8  Polygraph and CVSA Forums / Polygraph Policy / Re: DIA's Insider Threat Program
 on: Jan 9th, 2019 at 9:25pm 
Check out this video. "How DIA Monitors Employee Behavior – Steve McIntosh".

This is the guy that this whole thread is about. Makes me sick to even listen to him. Notice how he says they have oversight on what the IG is doing?


9  Polygraph and CVSA Forums / Polygraph Policy / Re: Arrested NSA Contractor Hal Martin "Passed at Least One Polygraph Test"
 on: Jan 9th, 2019 at 8:53pm 
Kim Zetter reports for Politico that it was a tip from Russian computer security firm Kaspersky Lab that led to the identification and arrest of NSA contractor, hoarder of classified data, and polygraph beater Hal T. Martin III. Excerpt:


Exclusive: How a Russian firm helped catch an alleged NSA data thief

The U.S. has accused Kaspersky Lab of working with Russian spies. But sources say the company exposed a massive breach that U.S. authorities missed.


01/09/2019 05:01 AM EST

The 2016 arrest of a former National Security Agency contractor charged with a massive theft of classified data began with an unlikely source: a tip from a Russian cybersecurity firm that the U.S. government has called a threat to the country.

Moscow-based Kaspersky Lab turned Harold T. Martin III in to the NSA after receiving strange Twitter messages in 2016 from an account linked to him, according to two people with knowledge of the investigation. They spoke with POLITICO on condition of anonymity because they’re not authorized to discuss the case.

The company’s role in exposing Martin is a remarkable twist in an increasingly bizarre case that is believed to be the largest breach of classified material in U.S. history.

It indicates that the government’s own internal monitoring systems and investigators had little to do with catching Martin, who prosecutors say took home an estimated 50 terabytes of data from the NSA and other government offices over a two-decade period, including some of the NSA’s most sophisticated and sensitive hacking tools.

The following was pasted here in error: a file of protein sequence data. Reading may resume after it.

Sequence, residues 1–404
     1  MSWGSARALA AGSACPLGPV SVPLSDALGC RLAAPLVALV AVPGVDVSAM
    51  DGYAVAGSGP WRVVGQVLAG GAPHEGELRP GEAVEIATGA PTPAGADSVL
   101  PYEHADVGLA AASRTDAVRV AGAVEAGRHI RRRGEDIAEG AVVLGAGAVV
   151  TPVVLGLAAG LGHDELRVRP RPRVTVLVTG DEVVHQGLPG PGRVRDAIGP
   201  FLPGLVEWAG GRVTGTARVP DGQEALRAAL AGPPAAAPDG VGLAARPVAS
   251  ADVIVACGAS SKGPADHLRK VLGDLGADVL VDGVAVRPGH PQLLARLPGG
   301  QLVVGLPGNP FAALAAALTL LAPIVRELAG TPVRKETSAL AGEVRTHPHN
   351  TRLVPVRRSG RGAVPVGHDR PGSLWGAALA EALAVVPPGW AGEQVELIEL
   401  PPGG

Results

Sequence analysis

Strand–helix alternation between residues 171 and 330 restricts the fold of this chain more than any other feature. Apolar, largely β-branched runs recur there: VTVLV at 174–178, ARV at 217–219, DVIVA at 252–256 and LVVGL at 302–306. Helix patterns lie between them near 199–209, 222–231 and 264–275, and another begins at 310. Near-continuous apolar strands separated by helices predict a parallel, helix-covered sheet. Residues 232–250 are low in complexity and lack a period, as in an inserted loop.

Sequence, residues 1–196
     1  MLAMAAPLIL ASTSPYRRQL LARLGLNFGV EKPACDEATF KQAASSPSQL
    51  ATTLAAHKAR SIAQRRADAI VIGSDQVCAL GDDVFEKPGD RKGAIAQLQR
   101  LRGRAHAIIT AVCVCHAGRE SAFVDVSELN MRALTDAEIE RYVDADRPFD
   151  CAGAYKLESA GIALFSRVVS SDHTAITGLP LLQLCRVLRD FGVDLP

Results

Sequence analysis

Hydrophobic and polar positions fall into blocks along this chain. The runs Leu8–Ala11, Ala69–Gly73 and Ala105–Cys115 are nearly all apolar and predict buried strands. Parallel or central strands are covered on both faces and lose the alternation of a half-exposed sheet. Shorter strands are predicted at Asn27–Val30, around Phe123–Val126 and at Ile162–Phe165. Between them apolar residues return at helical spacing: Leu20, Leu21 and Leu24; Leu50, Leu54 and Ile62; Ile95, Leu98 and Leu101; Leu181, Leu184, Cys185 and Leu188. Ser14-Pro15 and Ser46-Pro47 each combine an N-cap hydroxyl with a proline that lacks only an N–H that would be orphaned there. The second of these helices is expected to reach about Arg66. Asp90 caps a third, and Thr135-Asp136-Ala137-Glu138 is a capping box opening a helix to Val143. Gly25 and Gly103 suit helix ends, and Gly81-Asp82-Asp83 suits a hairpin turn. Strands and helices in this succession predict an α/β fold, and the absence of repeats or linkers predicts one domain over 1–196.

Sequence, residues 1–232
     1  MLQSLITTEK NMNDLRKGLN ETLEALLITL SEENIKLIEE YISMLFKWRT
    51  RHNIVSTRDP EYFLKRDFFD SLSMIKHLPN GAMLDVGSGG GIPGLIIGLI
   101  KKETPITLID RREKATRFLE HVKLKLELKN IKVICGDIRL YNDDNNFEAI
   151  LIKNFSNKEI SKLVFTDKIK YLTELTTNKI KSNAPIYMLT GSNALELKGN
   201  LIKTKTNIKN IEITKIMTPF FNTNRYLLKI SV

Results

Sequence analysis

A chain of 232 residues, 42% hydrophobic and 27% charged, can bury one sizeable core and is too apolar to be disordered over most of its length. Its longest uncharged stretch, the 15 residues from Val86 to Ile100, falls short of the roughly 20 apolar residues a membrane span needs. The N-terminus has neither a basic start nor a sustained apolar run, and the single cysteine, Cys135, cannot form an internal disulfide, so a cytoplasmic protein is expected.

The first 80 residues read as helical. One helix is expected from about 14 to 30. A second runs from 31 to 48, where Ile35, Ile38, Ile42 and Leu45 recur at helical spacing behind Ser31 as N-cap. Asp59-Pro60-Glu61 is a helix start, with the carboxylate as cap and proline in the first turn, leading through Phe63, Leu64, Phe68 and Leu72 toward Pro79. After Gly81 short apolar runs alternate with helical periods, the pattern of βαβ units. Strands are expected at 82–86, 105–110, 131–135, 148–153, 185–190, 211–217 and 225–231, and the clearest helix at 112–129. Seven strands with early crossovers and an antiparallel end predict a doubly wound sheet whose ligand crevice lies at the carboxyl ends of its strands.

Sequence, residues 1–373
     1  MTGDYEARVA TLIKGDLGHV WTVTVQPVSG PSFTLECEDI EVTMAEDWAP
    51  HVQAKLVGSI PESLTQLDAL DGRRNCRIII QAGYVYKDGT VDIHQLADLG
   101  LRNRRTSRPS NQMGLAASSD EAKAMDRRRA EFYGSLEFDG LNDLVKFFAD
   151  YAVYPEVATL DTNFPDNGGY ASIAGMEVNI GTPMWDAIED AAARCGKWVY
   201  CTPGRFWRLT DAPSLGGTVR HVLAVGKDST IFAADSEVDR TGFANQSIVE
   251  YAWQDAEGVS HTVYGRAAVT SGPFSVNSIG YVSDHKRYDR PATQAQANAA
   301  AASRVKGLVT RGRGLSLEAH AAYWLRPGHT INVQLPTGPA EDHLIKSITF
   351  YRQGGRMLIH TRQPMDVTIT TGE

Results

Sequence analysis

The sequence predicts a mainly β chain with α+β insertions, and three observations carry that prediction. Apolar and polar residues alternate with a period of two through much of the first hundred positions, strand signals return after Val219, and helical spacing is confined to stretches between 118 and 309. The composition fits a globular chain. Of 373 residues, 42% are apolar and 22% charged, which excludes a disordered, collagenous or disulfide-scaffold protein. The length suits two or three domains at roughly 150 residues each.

The revelation also introduces an ironic turn in the negative narrative the U.S. government has woven about the Russian company in recent years.

Under both the Obama and Trump administrations, officials have accused the company of colluding with Russian intelligence to steal and expose classified NSA tools, and in 2016 the FBI engaged in an aggressive behind-the-scenes campaign to discredit the company and get its software banned from U.S. government computers on national security grounds. But even while the FBI was doing this, the Russian firm was tipping off the bureau to an alleged intelligence thief in the government’s own midst.

"It's irony piled on irony that people who worked at Kaspersky, who were already in the sights of the U.S. intelligence community, disclosed to them that they had this problem,” said Stewart Baker, general counsel for the NSA in the 1990s and a current partner at Steptoe and Johnson. It’s also discouraging, he noted, that the NSA apparently still hasn’t “figured out a good way to find unreliable employees who are mishandling some of their most sensitive stuff.”

“We all thought [Martin] got caught by renewed or heightened scrutiny, and instead it looks as though he got caught because he was an idiot,” he told POLITICO.

10  Polygraph and CVSA Forums / Polygraph Procedure / Re: Question on Control Questions...
 on: Jan 9th, 2019 at 8:22pm 

Please keep in mind the immortal words of Dr. David T. Lykken, "No good social purpose can be served by inventing ways of beating the lie detector or deceiving polygraphers."

In other words, if you lied (and you said you did), shame on you for coming here looking for a way to deceive. And shame on whomever is relying on your polygraph results as proof of your truthfulness. It's ridiculous.

Unfortunately, every year, thousands of truthful job applicants and government employees fall victim to false positives, or what the "experts" call, "Significant Response".

Like Dr. Lykken said, "if I were somehow forced to take a polygraph test in relation to some important matter, I would certainly use these proven countermeasures rather than rely on the truth and my innocence as safeguards; an innocent suspect has nearly a 50:50 chance of failing a CQT administered under adversarial circumstances, and those odds are considerably worse than those involved in Russian roulette."

To sum it all up, had I known about these techniques five years ago, I could have saved myself a boatload of trouble.